In memory: James E. Wilborn, 1953-2015

James E. Wilborn died in MSDF in 2015 due to heat exhaustion

Here’s his story, from the Table of the Saints

James E. Wilborn Was on the board of directors of the Table of the Saints, Milwaukee, and its Intercessor/Prayer Warrior. He was born in 1953 in Mississippi, grew up in Chicago, and came to Milwaukee at age 45 in ’93 as a member of a Christian ministry of bible disciples, Victory Outreach, a world-wide organization. But, he said, he was a member only intellectually, with his head, not his heart. Feeling unfulfilled by his work, he quit and wound up living in the streets for five years, succumbing to drug addiction. He was arrested and convicted for delivering illegal substances and ended up in prison from1995 to ’98. Once free, he fell into old habits, again a full-blown addict. Two years later, he committed a “strong-armed robbery” to feed his habit and received a six-year prison sentence, 2000 to 2008.

For two years after this release from prison, he managed to deny the temptation of drugs and alcohol. But this time, when he fell, he took himself to the alcohol and drug treatment program at the Network Recovery Rehabilitation Residence, where he remained for two years. Upon leaving in 2010, Wilborn moved to the Miracle House, and met William Harrell, who invited him to join the Table of the Saints. February 18, 2010, was the day that Wilborn says that he was saved from using drugs because that day, he received Christ back into his life, became a prayer minister and overcame his addiction to drugs. This time, however, his heart was involved, not just his head.

A change of mind and heart and understanding

James Wilborn said that he never expressed himself to God before joining the Table of the Saints. He said, “There has to be a willingness to change your mind and your heart and understanding to make it on the outside. The Lord changed my mind and heart and understanding. I was fortunate: instead of being sent back to jail, I was sent to Alternative to Revocation treatment, which I see as God’s doing. But I had to be broken before God could fill the void in my heart.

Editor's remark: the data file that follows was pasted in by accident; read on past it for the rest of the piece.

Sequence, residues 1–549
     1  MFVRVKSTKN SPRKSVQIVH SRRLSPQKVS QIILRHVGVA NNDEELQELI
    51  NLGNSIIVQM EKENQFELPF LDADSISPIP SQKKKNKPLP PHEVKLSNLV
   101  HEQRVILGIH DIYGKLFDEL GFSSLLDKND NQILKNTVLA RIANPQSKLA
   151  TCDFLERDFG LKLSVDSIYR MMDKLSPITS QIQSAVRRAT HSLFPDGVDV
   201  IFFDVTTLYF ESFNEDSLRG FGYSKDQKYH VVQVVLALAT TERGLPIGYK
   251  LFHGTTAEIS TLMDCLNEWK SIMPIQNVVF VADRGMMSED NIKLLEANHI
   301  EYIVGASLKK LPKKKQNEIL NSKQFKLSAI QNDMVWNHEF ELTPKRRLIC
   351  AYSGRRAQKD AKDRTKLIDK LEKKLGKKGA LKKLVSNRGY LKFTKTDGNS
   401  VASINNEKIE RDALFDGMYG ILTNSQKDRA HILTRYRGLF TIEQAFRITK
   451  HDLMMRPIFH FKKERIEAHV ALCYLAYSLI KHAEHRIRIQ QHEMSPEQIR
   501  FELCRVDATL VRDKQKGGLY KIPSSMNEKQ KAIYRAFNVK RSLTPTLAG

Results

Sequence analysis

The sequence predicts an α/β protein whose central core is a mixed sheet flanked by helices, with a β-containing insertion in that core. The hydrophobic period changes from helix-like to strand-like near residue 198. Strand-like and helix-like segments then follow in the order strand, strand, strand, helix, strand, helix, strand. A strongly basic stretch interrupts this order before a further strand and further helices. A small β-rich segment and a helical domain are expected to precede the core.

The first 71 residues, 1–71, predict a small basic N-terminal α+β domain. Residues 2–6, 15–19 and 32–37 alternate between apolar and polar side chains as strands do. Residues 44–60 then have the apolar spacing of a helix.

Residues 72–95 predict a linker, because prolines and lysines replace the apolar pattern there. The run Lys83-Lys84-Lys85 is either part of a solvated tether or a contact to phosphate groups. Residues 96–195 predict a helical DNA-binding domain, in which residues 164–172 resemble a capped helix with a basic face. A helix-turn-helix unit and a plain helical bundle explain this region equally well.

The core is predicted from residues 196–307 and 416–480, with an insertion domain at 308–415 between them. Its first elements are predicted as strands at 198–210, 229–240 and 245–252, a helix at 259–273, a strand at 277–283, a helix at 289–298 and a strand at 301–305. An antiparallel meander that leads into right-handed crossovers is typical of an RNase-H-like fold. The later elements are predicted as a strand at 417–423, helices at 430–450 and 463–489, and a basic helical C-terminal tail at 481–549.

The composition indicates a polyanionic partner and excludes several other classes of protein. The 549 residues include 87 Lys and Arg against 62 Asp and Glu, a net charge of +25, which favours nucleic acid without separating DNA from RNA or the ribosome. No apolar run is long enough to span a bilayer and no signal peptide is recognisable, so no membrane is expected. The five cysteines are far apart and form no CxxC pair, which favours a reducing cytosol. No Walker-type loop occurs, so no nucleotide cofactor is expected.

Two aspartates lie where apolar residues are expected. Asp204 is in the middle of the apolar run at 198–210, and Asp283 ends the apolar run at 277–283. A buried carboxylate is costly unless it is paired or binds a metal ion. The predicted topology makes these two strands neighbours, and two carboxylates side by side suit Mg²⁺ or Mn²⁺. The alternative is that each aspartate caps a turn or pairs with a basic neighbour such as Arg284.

“When people say, what kind of God would let bad things happen, in some cases, they don’t realize that they have choices, or that free will is a gift from God.”

Escaping death three times

Wilborn said that at age 16, he was shot six times. The operation to save his life took 18 hours; the medical team didn’t think he would make it.

At 21, he needed a tonsillectomy. The surgeon cut an artery in his throat by mistake and the nurses ignored him when he said that he was having trouble breathing. Imagine struggling for air until a second shift nurse respected him and examined his throat: She discovered that he was choking on his own blood and rushed him back into surgery. The surgeon failed again, forcing James Wilborn into a third operation. This one repaired his artery, but the medical staff doubted that Wilborn would make it through the night.

The third time a medical staff believed that Wilborn would die before dawn was the time that he was 27 and began to have seizures. He was in prison at the time and was sent to a civilian hospital with a policeman stationed at his door. Tests showed that severe ulcers had perforated his intestines. Internal bleeding was cutting off oxygen in his brain, causing the seizures. In surgery, they patched him up and returned him to his room. Because the doctors doubted that Wilborn would be alive by morning, the police guard was dismissed.

Wilborn asked to see a minister. The minister told him that the Lord told him that Wilborn was not going to die. The minister “laid his hands on” Wilborn and prayed. James Wilborn greeted another dawn and found his brother by his side. They hadn’t seen each other in years after Wilborn’s brother joined the Navy. The Navy gave James’ brother a leave of absence and paid for his transportation to attend his brother’s deathbed. When Wilborn didn’t die, he was sent to an institutional hospital. This medical team repeated the same tests, but these result showed that Wilborn’s intestines had healed. He was sent to a maximum security prison to serve out the last four months of his sentence.

Upon his release, Wilborn returned to Milwaukee. Because he was tempted to use again and wind up in prison again, he checked himself into the Network Recovery Rehabilitation residence and got the help he needed. Meeting William Harrell and joining the Table of the Saints played a huge role in his triumph over addiction, because doing good to feel good works.

From the Table of the Saints

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